Walking also activates your calf pump. We all know what the calf is - that muscle on the back of your lower leg. We know this is important for walking and climbing stairs, but the physical contraction of this muscle has another great effect. It gently squeezes on the veins in the leg which assists in blood flow returning to the heart for circulation. If your calf pump is taken out of the equation for blood flow and circulation, the blood in the veins can pool which results in increased swelling as well as increased risk that the blood will clot within the vein, resulting in deep vein thrombosis or pulmonary embolism. Both of these condition can be fatal. While devices have been designed over the years to simulate this muscle contraction, walking is the most effective way to ensure your veins are functioning properly – especially after surgery.
Being able to use both feet after surgery also allows patients more stability and less risk of during the post-operative period. Standing to wash your hands, walking upstairs and getting to and from the bathroom after surgery can be difficult with post-surgical pain alone. Having to then coordinate using crutches or a walker adds another element which makes your function much more difficult.
Why do you love Lapiplasty?
The Lapiplasty procedure allows anatomical reduction of a bunion. This means that it is as though we turn back the hands of time on your foot until the bone is in the position it was before the bunion developed. Then by fixating the joint in the arch in this position, we are greatly reducing the risk that the bunion will recur. The stability that is re-established in the arch can also have the effect of slowing progression of other foot deformities and conditions. As your foot transitions weight while you walk, having instability in the joint that causes bunions to form can result in increased stress to other areas in the forefoot. There are many patients with bunions seen at our office, but not all have pain in the big toe joint. Some actually have pain in the ball of the foot either near the 2nd toe or even closer to the baby toe and it is because of this abnormal weight transition from the instability in the foot.
So when should I treat my bunion?
The most appropriate course of care for bunions starts with a thorough evaluation. This allows our doctor to properly classify the type of bunion you have as well as the severity. This is done with an examination of your feet and also x-rays. Our office offers digital x-rays on site, which means that you will likely get to see what is going on on the inside on the same day as your visit. We take 3 standard pictures of the foot and an additional view is often recommended to evaluate the sesamoid bones we spoke about earlier. The treatment for bunions usually starts with discussing how to stabilize and support the foot structure. Whether you are reading this article because you are ready to move forward with surgery or you are reading and wondering when in your life you will be ready – treatment starts with the use of custom orthotics.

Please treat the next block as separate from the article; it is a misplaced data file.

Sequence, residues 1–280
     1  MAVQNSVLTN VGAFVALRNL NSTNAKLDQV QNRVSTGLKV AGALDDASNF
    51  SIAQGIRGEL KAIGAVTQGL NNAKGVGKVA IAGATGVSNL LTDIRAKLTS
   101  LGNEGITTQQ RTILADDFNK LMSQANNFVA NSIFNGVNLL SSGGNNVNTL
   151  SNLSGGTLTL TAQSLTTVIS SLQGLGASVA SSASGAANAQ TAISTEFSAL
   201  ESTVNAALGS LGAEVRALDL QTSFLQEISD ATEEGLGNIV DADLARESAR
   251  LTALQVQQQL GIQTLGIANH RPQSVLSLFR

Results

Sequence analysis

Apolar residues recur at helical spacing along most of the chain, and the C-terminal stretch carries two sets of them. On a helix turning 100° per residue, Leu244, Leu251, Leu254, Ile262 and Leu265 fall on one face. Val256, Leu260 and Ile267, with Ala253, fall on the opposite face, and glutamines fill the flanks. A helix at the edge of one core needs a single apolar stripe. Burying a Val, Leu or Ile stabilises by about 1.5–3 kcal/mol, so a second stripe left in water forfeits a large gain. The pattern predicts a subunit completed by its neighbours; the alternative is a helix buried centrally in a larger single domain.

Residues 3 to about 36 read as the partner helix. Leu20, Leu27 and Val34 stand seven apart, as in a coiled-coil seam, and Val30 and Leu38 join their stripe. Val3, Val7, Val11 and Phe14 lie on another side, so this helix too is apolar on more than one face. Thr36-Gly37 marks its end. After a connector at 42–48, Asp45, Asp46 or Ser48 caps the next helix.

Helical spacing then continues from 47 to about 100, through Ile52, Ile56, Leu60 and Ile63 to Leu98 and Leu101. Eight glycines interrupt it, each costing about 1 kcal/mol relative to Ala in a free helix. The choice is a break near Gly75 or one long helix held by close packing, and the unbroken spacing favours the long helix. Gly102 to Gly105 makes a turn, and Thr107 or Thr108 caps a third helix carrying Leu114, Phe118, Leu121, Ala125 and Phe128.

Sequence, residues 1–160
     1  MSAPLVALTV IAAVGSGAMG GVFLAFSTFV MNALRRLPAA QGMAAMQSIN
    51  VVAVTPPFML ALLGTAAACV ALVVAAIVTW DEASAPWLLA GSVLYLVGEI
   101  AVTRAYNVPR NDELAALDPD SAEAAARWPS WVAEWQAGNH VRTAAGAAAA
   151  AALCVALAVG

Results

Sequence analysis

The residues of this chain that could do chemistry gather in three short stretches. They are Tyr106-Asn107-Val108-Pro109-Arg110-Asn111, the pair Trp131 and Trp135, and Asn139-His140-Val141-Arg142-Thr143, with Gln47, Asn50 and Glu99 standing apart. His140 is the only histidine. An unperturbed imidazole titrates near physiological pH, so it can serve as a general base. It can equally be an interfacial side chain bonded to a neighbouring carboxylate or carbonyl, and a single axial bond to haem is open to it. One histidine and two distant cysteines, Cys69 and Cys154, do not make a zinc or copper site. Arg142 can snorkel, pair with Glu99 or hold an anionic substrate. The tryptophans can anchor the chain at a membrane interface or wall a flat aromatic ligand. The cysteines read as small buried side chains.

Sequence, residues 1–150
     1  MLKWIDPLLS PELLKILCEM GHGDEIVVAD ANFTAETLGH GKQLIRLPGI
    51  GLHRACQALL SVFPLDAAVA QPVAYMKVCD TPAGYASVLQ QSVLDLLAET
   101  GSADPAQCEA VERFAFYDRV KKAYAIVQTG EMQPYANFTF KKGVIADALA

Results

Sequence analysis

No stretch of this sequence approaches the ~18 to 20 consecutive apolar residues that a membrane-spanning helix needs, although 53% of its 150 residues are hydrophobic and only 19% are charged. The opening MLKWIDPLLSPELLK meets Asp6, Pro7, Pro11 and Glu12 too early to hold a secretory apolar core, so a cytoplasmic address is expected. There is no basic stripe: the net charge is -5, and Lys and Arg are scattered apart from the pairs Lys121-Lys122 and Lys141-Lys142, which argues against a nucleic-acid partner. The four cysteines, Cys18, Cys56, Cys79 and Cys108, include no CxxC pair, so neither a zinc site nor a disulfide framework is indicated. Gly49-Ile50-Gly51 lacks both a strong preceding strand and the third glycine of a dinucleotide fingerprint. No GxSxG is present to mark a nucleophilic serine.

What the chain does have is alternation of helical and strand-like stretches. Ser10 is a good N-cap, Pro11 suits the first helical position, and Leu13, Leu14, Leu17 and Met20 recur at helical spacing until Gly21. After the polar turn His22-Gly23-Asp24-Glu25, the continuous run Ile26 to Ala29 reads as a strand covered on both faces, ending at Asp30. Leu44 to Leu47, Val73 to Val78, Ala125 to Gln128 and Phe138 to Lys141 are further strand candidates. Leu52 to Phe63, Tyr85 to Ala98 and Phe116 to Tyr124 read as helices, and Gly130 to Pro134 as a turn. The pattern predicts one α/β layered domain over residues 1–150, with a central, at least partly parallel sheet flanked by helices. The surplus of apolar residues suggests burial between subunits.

So, should I wait until it really hurts to do anything?
In cases where our patients come in with concerns of a small, mildly painful bunion that they worry about because of a family history (ie. They don’t want their feet to look like their mom/dad’s someday) we cast for and recommend consistent use of custom orthotics. These are a conservative treatment that helps to support and correct foot structure from the outside in. This translates to effectively slowing down the progression of the bunion and often will assist with pain relief because the foot is better able to transition weight rather than stressing one area of the foot more than another.
When is surgery the answer?
In cases where a patient comes in for treatment and has daily difficulties with activities and has trouble finding shoes that accommodate the prominence, surgical options can be introduced into the conversation. No conservative treatment will correct a bunion, as this deformity progresses slowly over the course of many years and because of this, the foot structure and joints adapt to the new position. This is why many patients with bunions seek surgical treatment. Custom orthotics are still needed after surgery to assist in the function of the rest of the foot and to optimize big toe joint motion. With bunion correction, it can be a powerful change in the appearance of your foot, but does not reconstruct the other areas of the foot that lead to instability resulting in a bunion.
Lapiplasty is the answer to a lot of concerns that have been posed in decades of fixing bunions. With the advanced technique and far less rigorous post-operative course, it is amazing how well patients now do after bunion surgery. If you have a bunion and want to know more information, please call our office today.